This is a story of devotion and caring that blessed the giver almost more than the recipient.
It happened, and continues to happen, high in the mountains of rural Eswatini, off the beaten path and definitely unnoticed by most.
Enter Free Wheelchair Mission and The Luke Commission.
Twelve-year-old Sibusiso lives with his two grandmas (gogos) in a two-room hut. That by itself is not so unusual in this tiny country where one-fifth of the population has been orphaned by HIV/AIDS. Extended family, usually grandmothers, are left to raise their grandchildren and other orphans in their communities.
However, Sibusiso has battled cerebral palsy since birth. And his devoted gogos have cared for him since birth. He weighs 35 to 40 pounds and looks one third of his age in size.
One of his grandmothers came to a Luke Commission mobile hospital one day in early 2013 to ask for a wheelchair for her beloved boy.
The Luke Commission co-executive director Echo VanderWal listened to the grandma’s plea and knew she had an answer. Give the boy one of the Free Wheelchair Mission chairs which TLC packs in trailers and carries to every outreach site.
It’s a partnership The Luke Commission values, to be sure!
Sibusiso had a dilapidated wheelchair which he had sat in day in and day out for years. It was so worn that when Sibusiso fell on an uncovered screw from a broken arm rest, he poked his eye so severely that a traumatic cataract developed. The boy can no longer see out of that eye.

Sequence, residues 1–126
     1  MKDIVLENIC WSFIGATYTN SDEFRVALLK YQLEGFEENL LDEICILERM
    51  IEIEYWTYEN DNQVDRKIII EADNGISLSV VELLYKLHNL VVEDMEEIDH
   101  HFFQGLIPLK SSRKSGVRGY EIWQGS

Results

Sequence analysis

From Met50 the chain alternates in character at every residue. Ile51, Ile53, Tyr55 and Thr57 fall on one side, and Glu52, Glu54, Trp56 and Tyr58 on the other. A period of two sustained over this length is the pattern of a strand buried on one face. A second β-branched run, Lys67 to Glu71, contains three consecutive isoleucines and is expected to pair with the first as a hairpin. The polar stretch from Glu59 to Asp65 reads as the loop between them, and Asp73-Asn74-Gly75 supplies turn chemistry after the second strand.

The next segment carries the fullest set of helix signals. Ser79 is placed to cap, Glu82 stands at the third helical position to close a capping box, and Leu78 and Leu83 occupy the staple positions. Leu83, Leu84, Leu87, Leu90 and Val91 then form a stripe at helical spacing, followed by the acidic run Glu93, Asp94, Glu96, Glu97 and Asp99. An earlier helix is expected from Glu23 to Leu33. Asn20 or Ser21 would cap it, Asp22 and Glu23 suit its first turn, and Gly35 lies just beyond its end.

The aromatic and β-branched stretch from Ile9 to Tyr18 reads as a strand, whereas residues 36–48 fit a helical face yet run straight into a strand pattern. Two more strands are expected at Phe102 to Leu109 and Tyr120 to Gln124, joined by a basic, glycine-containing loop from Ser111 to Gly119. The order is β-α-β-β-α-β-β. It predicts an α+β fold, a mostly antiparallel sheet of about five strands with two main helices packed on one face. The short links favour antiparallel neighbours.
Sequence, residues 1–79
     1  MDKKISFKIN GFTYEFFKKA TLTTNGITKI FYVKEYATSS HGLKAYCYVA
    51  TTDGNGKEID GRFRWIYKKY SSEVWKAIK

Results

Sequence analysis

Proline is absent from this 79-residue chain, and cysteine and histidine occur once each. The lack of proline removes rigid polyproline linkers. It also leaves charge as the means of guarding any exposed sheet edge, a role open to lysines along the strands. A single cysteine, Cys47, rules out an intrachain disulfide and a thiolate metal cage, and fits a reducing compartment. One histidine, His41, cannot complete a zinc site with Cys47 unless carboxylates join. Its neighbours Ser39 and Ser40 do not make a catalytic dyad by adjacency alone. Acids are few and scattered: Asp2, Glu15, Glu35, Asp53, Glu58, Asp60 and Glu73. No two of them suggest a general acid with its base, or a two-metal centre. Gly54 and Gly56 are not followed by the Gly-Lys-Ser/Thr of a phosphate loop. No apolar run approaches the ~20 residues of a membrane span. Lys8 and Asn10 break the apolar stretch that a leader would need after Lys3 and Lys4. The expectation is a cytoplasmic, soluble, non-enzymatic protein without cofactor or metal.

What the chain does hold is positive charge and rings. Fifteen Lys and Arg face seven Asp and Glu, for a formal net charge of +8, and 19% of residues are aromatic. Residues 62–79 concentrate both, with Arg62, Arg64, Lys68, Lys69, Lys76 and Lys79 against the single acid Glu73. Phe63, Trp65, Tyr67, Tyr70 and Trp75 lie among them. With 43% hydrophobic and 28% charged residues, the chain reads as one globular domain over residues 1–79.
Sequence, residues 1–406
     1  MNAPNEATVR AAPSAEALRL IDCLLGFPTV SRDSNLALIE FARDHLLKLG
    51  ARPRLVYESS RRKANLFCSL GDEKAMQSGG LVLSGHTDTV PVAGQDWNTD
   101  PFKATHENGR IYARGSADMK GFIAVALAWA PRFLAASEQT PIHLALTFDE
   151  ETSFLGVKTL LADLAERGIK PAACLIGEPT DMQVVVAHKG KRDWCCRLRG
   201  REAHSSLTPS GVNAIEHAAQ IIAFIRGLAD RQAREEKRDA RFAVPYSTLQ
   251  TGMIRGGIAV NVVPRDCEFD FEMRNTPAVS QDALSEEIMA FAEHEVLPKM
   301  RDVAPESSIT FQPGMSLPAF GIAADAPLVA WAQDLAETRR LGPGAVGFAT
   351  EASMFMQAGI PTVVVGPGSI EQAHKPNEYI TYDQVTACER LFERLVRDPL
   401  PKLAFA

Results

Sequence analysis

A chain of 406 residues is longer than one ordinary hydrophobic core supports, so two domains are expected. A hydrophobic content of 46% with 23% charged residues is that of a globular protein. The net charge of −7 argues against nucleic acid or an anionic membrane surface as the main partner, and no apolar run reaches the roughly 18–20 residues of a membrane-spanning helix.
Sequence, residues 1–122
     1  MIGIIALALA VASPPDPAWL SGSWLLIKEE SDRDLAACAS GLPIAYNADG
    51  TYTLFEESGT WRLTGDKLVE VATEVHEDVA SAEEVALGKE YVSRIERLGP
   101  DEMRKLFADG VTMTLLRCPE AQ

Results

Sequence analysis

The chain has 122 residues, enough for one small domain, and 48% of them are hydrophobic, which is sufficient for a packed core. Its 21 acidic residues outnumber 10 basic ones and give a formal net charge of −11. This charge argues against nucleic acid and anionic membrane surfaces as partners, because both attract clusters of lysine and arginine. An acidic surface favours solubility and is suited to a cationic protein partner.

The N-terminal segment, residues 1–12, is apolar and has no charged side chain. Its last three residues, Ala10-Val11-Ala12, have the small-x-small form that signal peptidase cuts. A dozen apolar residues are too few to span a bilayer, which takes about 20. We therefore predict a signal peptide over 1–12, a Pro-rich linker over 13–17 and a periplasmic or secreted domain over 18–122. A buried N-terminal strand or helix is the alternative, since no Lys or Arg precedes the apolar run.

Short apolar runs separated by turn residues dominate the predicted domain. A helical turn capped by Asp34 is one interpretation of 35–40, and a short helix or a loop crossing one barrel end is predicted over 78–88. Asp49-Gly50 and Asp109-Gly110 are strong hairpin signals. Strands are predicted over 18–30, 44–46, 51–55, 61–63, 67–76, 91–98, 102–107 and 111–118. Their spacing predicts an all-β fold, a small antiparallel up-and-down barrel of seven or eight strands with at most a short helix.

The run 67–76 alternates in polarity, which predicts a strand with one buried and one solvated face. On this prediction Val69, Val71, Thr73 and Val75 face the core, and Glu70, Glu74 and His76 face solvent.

He also was having more trouble than usual swallowing food. His grandma was worried about him losing weight.
“Let’s go find his homestead,” said Echo, instructing her team to pack up a newly assembled wheelchair, medications to fight infections, and some feeding equipment.
Grandma led the way a few kilometers down the road away from the rural Liswati school where TLC’s mobile outreach was in full swing, treating hundreds of patients.
“We know there are crowds everywhere waiting for treatment, but each patient is important. We must follow the need wherever it takes us,” said Echo.
Other members of The Luke Commission team accompanied her, including Fortunate who would translate.
The two-room hut was swept clean but contained only two mattresses, a table and chair, and the boy’s old wheelchair.
The grandmothers welcomed the visitors and clapped their hands with delight when they saw the new wheelchair. Echo showed the grandmas how to feed the boy with a syringe and assured them the antibiotics she brought would fight his latest infection.
“Those women are my heroes,” noted Echo. “They care for this boy with such love.”
Later, the grandmothers gently placed Sibusiso is his new chair. He smiled and waved his arms in silent recognition of his most-treasured gift.
All the guests had tears in their eyes as they watched. Thank you Free Wheelchair Mission for being there, too!By Janet Tuinstra of The Luke Commission for Free Wheelchair Mission